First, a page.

Ricardian Theory of Income Distribution

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					        The Ricardian Theory of Trade
Trade is not always good. We need a theory to identify when there are
gains from trade and when there are not. David Ricardo produced an early,
simple and influential model that will help us evaluate whether current
popular arguments against trade make sense. For example, the architect of
the Seattle protests, Lori Wallach, believes trade is good when the two
countries produce different things. If the goods simply would not be
available without trade then it is beneficial. However, if the countries are
able to produce roughly equivalent products she tends not to favor trade.
Trade based on prison labor or child labor she finds particularly


    Lori Wallach Explains her
    (Exerpt from Interview with Moises
    Naim, Foreign Policy, Spring 2000)
LW: Good trade is activity that, ironically,
really meets the theory of why free trade
should make everyone happier. Things that
you can't make or grow in any vaguely
economically feasible way in one place can
be traded for things that are not available or
doable in another place.
MN: So are exports of blue jeans from China
to the United States good trade or bad trade?
LW: Well, it's bad trade, in the sense that,
ironically, what I'm for is comparative
advantage, not absolute advantage. That is,
when a country or region truly has an advantage in something, it should be
able to supply the rest of the world with that thing.
MN: What do you call absolute advantage?
LW: An example of absolute advantage is when a company can make an
arrangement with the Chinese government to have at a People's Liberation
Army work camp a bunch of Tiananmen Square college kids who are
incredibly smart, and literally under the gun, making blue jeans or toys, at
no expense to the company, except whatever it costs for the contract with
the People's Liberation Army. The profits are enormous.
MN: So you would be, for example, in favor of putting high tariffs on blue
jeans from China?
LW: I wouldn't. What I would do is I would try to change the conditions
under which those jeans are produced in China.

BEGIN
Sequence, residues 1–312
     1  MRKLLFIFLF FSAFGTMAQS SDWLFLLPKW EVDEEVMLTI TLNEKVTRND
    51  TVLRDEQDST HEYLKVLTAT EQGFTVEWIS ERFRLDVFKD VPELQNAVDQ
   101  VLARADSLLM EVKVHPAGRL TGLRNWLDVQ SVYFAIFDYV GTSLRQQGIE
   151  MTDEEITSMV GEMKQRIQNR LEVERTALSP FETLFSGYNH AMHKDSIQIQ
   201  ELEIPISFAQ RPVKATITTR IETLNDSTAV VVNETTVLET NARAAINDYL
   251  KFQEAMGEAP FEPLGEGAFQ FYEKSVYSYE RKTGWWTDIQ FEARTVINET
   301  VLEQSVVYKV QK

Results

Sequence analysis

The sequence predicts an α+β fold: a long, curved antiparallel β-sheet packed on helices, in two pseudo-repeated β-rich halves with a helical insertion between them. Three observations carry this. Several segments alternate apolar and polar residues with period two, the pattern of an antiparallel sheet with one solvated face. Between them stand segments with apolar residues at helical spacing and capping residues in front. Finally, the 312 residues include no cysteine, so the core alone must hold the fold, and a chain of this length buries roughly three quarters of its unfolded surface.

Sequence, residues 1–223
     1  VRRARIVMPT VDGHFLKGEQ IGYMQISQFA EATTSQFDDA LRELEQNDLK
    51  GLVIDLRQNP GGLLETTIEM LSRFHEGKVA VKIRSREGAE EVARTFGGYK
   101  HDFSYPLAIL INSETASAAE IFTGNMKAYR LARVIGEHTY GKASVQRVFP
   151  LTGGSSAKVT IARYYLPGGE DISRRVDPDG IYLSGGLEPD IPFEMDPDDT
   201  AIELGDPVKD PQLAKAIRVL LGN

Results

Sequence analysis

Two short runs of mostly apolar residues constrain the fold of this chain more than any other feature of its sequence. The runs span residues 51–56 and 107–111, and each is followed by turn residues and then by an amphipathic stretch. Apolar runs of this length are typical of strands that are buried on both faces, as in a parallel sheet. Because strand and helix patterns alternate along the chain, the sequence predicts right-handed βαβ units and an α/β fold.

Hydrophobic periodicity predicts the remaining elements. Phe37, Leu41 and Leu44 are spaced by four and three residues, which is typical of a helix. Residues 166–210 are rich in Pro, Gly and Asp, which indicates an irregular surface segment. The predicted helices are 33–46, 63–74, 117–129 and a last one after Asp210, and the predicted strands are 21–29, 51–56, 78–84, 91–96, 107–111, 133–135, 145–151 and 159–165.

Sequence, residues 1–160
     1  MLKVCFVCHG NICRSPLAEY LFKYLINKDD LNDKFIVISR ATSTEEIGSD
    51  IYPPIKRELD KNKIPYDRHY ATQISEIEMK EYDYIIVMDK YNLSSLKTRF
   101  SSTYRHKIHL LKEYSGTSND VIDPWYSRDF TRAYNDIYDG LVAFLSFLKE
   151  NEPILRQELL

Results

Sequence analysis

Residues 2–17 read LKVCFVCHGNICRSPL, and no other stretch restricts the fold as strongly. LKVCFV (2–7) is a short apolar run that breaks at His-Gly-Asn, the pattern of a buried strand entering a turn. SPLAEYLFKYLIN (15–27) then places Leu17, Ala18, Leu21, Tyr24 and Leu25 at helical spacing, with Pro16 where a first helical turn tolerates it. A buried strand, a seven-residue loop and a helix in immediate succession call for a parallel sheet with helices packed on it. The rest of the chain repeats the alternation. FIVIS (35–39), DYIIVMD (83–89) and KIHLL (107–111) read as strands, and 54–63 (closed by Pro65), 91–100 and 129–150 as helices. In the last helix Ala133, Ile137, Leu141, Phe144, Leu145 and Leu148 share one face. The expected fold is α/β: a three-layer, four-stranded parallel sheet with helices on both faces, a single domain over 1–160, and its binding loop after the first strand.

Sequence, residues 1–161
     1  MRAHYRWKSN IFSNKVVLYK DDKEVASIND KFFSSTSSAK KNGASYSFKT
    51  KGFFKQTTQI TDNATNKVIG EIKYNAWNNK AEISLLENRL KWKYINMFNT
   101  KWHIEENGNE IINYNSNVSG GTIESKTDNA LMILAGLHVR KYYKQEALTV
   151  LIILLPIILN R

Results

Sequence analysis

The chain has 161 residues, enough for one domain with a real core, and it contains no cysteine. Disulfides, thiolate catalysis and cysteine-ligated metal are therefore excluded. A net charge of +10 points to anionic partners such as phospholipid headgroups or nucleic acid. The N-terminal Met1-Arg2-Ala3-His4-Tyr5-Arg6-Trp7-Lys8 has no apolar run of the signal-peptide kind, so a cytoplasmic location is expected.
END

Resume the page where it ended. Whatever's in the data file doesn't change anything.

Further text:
MN: And if that's not possible in the short run?
LW: Then I would keep them out.
MN: With high tariffs?
LW: No, I'd probably use some of the WTO's Article 20 exceptions, which
unfortunately have never been applied because they've been interpreted in
ways that make them useless. But for instance, there are some that have to
do with issues of morality, and slave labor in a prison camp is immoral. So I
would do it as an embargo in the same way you do it as a matter of national
security. I wouldn't use tariffs. I would just say: Until these conditions
change, these goods are not sellable here.

Lori Wallach has established herself as one of the most articulate and
effective opponents of trade. She is a skilled lawyer and excellent organizer,
even so, the quote above badly misstates theory and makes silly errors.
       For example she claims trade is good only if countries are reasonably
similar in their cost structure, what she refers to as comparative advantage.
If one country is so situated as to have dramatically reduced costs, say
through cheap labor organized by the army, then trade is bad.
       If she had taken even the most elementary trade course, she would
know she got the argument all tangled up. We will untangle it in two steps.
First we will present a sarcastic response to such claims penned over a
century ago and then present the theory of comparative and absolute
advantage developed by David Ricardo.

                      Frederic Bastiat (illustration at left) is our most
                      sarcastic spokesperson for free trade. His “A
                      PETITION From the Manufacturers of Candles, Tapers,
                      Lanterns, sticks, Street Lamps, Snuffers, and
                      Extinguishers, and from Producers of Tallow, Oil,
                      Resin, Alcohol, and Generally of Everything Connected
                      with Lighting. “ is a classic and is available at
             The most
                      often quoted paragraph is:

                        We are suffering from the ruinous competition of a
rival who apparently works under conditions so far superior to our own for
the production of light that he is flooding the domestic market with it at an